Sunday, 22 December 2013

Dharma, Artha, Kāma, Mokṣa – XV

Once more Bibek Debroy forces us to think beyond the obvious, and plumb the depths of central concepts like 'good' and 'bad', 'right' and 'wrong' The Mahabharata tells us that 'dharma' is subtle and complex. But Dr. Debroy's article brings that idea to life for us with contemporary examples that compel us to stop being simplistic; to meditate on the meaning of words we take for granted.
To share your views and responses, you can follow Bibek on Twitter @bibekdebroy and/or leave a comment on this blog.

Recently, I spoke to a group of CEOs in Udaipur.  While I have spoken to CEOs in the past, it’s always been about economics and policy-making.  This is the first time I spoke about “dharma”.  Since I have made the point in earlier blogs that the word dharma is over-used, I should clarify that in Udaipur, I used the word “dharma” in the sense of emancipation/liberation, not in the sense of duty or good behavior (sadachara). Understandably, CEOs and the corporate sector react in a particular way, not necessarily representative of the general populace.  Since I spoke extempore, there is no presentation or text I can share.  But I made the kinds of points I have been making in these blogs.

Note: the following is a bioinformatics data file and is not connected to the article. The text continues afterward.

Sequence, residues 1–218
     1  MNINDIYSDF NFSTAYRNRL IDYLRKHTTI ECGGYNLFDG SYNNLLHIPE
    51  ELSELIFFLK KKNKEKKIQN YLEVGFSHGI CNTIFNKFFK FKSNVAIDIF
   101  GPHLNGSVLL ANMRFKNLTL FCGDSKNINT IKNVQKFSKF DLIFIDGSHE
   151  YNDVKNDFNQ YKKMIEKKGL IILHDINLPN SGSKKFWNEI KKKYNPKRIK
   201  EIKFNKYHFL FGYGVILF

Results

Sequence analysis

Dr. Debroy was recently at Lake Pichola
Let me now report three kinds of contrary reactions that were common.  (1) How can you say that food and dietary habits represent sadachara and have nothing to do with dharma?  It’s important to be vegetarian.  Eating non-vegetarian food causes injury to life.  (2) How can you say that there is no absolute notion of “good” or “bad”?  What about a murderer?  (3) How can you say that we are powerless to change the world, as opposed to changing ourselves?  If that’s the case, there would be no reason to do anything.  My reactions were along predictable lines.  Obviously, I failed to convince the CEOs, or some of them.  Otherwise, I wouldn’t have reported these three kinds of general contrary reactions.  Nor is it my intention to convince you, or even attempt it. I can only give you my take.